A total bastard of a show this: opening with the diabolical spectacle of theatre makers making inside jokes about theatre: a new entrant in the Now That’s What I Call Annoying all-time compilation album. But about half-way through all that bollocks the actual performance suddenly kicked in.

It can’t be explained or rationalised, but it was just the funkiest half-hour of ultra-cool groove cruising I’ve enjoyed all year. They say time is a healer but for me the extreme swing from !!hate!! to  love  is still deeply troubling and problematic, one which will require theatre therapy eventually – though the Figs In Wigs will probably spout that old crap about “If you can’t handle me at my worst you don’t deserve me at my best”. Urgh.

 

8) Frankenstein

The Royal Exchange, Manchester; Thursday 5th April, 2018

Theatre people usually can’t be arsed with the horror / thriller genre, probably because they’re all just too scared. There was only one really memorable scene of thunderbolt-and-lightning terror that properly shit me up in the way that I wanted, but that was fine because the rest of the familiar story and concept came across so well.

Perfectly pitched story-telling that did the job by leaving plenty of relevant, open questions about playing god, evil bastards, human centipedes, etc.

 

9) Three Sisters, By Rashdash, After Chekhov

RashDash Theatre at the Royal Exchange, Manchester; Thursday 10th May, 2018

The patriarchy took a proper bashing here and there was nothing that those mainstream bastards could do about it – this was like the long-awaited fight in the school playground that every kid in school wanted to see.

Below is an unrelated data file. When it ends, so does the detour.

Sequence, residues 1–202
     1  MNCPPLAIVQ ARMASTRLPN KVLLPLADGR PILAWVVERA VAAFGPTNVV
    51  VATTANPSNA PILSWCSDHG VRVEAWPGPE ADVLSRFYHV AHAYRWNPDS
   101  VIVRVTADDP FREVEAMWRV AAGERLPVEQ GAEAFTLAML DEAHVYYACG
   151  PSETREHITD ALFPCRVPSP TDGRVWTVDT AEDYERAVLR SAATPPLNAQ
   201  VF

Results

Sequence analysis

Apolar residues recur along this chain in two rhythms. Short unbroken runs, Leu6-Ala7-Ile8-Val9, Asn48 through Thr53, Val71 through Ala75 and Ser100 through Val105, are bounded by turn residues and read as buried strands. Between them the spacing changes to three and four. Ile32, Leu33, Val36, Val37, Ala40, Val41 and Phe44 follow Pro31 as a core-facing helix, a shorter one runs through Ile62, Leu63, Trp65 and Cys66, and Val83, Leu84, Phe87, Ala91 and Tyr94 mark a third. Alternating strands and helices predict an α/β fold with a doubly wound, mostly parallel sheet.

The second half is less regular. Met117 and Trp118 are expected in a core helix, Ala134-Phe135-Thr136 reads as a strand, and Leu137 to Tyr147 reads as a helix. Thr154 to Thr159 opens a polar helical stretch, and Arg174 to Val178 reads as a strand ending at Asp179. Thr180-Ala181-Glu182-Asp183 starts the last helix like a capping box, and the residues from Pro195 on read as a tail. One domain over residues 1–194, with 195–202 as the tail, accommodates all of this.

RashDash took one of the bastions of male-centric theatrical mainstream yeah-yeah-yeah-whatever-ness, kneed it square in the groin, then left it writhing on the floor for about an hour and a half whilst they revelled in the glory of their success – mainly by getting their tits out and openly talking about greasing up their fannies ready for childbirth.

No one shed a tear though, it had been a long time coming. And the show was seriously good too.

 

10) Summer Holiday

The Octagon Theatre, Bolton; Monday 4th June, 2018

Yes it’s a musical and yes it’s just fucking silly but, all Club 58-70 jokes aside, this was a properly good night out. This wasn’t theatre, this was literally a summer holiday in itself, in Bolton, in June when the heatwave meant it was about 50 deg C.

Firstly proper chippy chips in an actual chippy, then across to the actual bus station to get on a convoy of actual double deckers heading to meet the spirit of Cliff Richard outside the town hall, then a proper cockney knees-up at the actual Octagon just before they literally closed the doors and smashed the place right up as if it was some sort of physical manifestation of the patriarchy. Genius.